The Ray Mann Three live is something not to be missed and not to bring your girlfriend along to.
Written by: Michael Carr
“Well we’ve been embarking on our first tour,” Ray Wassef singer/guitarist of the Ray Mann Three tells me, a blissfully weary tone oozing forth from his golden vocal chords. “These have been our first gigs outside of Sydney. We basically jumped in a Tarago and have been visiting everywhere from Brisbane to Melbourne and a whole bunch of regional places along the way.” A band born and bred in Sydney, having been weaned on the teat of Sydney soul outfit Kid Confucius, venturing out into the wild abyss proved to be quite a fascinating undertaking for the boys. “The effect of rocking up to a regional town and setting up to play a show dressed like we dress and playing the kind of music we play, it’s been very interesting to see the different reactions that we’ve gotten.”
“We haven’t been chased out by torch wielding villagers yet, but have been to a couple of places that weren’t too far from that, or at least the attitudes of some of those in the room seemed to be. But then there have been places that have been the polar opposite of that, places where they just made us feel so at home, like ‘who are you?’, ‘where have you been?’ and ‘are there more like you?’. But it’s weird because a lot of the places that have been like that weren’t the places that we thought they’d be, so it’s definitely been a learning experience.”
The Ray Mann Three are a band drenched in soul. Ray delivers panty-whetting vocals in his almost pre-pubescent falsetto, while bassist Byron Luiters and drummer Bart Denaro play their instruments with effortless perfection. Rife with long interludes of improvisation and sensual grooves, The Ray Mann Three live is something not to be missed and not to bring your girlfriend along to.
Usually sticking to red-lit bars like Tonic Lounge on the infamous Kellet Street Kings Cross or one off pop up bars like the now famous launch of Sydney’s new licensing laws, I asked Ray whether it was hard having to play show after show so far out of reach of the hand of civilisation.
“We were lucky that everybody who was involved with the crew had toured before with different bands, so we knew how to keep our heads and how to pace ourselves, to a certain extent at least, which means we made sure we didn’t all go out and have a big one every night and not be able to move the next day.”
“Doing that, going out every night and getting plastered, really creeps up on you, especially if you’ve got ten shows in as many days, and learning to pace yourself becomes a real skill. It’s not very glamorous or rock & roll of me to say, but a bad night’s sleep can make a big difference for the next five days, so you want to be smart about what you’re doing in your waking hours.”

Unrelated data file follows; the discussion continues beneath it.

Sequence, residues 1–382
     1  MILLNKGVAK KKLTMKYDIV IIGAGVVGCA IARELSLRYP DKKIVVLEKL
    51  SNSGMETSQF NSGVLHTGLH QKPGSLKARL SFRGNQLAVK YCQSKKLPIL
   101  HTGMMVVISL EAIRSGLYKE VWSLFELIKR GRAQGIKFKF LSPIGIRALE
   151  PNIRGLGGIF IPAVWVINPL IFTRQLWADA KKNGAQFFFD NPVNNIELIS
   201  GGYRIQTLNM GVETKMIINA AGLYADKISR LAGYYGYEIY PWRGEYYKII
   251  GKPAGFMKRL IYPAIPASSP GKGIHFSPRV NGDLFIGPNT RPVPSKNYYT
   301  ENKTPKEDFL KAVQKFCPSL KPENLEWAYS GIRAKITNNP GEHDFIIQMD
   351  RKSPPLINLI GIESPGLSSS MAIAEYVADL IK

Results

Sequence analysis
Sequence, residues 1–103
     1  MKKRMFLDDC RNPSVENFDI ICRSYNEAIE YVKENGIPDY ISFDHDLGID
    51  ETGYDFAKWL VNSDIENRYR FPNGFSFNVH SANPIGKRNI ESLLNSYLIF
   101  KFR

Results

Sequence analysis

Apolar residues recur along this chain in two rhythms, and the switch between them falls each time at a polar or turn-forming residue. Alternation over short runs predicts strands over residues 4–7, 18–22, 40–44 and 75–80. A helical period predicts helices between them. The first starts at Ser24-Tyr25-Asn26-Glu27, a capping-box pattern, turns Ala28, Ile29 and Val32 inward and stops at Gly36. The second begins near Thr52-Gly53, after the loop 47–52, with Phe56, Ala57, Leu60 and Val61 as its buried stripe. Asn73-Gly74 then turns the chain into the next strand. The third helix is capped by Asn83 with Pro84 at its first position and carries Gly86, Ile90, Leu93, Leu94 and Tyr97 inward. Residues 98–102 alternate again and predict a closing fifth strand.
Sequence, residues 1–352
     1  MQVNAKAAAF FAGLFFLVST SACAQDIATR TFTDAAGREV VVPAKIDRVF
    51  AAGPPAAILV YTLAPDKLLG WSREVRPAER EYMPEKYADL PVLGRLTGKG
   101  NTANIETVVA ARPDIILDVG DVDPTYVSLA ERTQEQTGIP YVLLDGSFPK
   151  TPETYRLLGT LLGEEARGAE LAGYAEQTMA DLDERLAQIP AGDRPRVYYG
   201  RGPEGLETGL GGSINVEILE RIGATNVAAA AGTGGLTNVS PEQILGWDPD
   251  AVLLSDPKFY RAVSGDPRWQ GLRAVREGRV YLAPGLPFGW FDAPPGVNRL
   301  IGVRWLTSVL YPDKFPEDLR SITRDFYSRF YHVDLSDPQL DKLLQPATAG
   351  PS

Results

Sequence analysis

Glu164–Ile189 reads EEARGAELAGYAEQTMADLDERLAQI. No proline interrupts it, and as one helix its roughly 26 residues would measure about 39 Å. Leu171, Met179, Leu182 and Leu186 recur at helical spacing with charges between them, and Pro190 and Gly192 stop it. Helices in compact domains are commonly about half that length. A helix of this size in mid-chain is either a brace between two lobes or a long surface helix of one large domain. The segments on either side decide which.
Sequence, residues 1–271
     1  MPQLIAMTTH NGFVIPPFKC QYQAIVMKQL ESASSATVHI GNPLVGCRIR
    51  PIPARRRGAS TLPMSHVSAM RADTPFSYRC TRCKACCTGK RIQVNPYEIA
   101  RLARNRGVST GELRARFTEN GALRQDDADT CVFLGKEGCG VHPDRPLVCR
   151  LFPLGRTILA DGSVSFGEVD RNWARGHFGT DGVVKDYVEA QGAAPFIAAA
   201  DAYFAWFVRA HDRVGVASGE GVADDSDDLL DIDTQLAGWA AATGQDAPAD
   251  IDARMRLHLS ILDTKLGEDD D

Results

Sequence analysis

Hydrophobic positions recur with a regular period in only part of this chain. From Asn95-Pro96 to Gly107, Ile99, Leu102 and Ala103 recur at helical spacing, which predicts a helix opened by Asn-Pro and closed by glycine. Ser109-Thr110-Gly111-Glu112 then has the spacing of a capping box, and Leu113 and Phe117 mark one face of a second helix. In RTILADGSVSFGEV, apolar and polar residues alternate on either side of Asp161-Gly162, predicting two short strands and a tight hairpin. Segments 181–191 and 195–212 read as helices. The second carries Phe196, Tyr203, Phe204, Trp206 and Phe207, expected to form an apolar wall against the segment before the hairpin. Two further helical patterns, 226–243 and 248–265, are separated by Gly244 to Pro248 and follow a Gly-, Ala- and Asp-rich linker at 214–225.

But it would seem that even the drunken roadie or bass player is but a monor villain when faced with the threat of no air conditioning. “You’ve got to make sure the air con is gassed up before leaving, and that’s probably the most important lesson we learned this tour. You know if you’ve got a bunch of guys in a van driving across the country you want to make sure that you’re comfortable, and that the car doesn’t reek of man. You know you don’t want the combined B.O. in the car to actually become an occupant of the car itself.”
The band are currently winding up the Victorian leg of the tour, which is their inaugural visit to the southern lands, but despite this, they refuse to take a break having already booked in a very special residency at The Mac for four Wednesdays in November.
“We’re going to play four Wednesday’s at the Mac and record each show and actually keep the same set list for each night. So essentially it’s like we’re recording four takes of every song that we play and each night is like another three hour run of the same material. We’re really excited because it gives us the freedom to every night go somewhere completely different with the same song. It’s almost like there is no pressure that this one night every song has to be the definitive version – it’s more like we just let go and have a lot of fun, and it’s just really organic.”
“The idea then evolved from that, when we started thinking about how we were going to capture it. We got in touch with some people who had offered to come down and record us with vintage microphones directly on the reel to reel tape, as opposed to recording digitally with whatever sort of mikes are handy. So they’re going to bring the actual tape machine down to the Mac, and record us each week and we’ll come out of it with this proper sort of vintage sounding recording done in an authentic way.”
Never choosing the conventional or convenient route when it comes to their music, the band is intent on capturing the intimate atmosphere and delicate sound they’ve worked at and refined over the past months. “We just want to record it in a way that totally captures us playing live as we have learned to as of this tour and will do over the month we record the album. It’s going to be more of a document of the band we’ve become while recording the album. We play differently now and all the places we’ve been have effected or changed us in some way and we just really wanted to capture that in a genuine way.”
And that’s no easy task. If you’ve ever seen them live, you’ll know what I mean when I say their sets have a tendency to wander a wayward path through the band’s catalogue, while the album, their self-titled debut LP released earlier this year, is a restrained and minimal slice of what the band is capable of, like an entrée on Iron Chef, while the live album promises to be a hefty dish heaped with many a mouthful of musical morsels.
Original article: Music Feeds, Sydney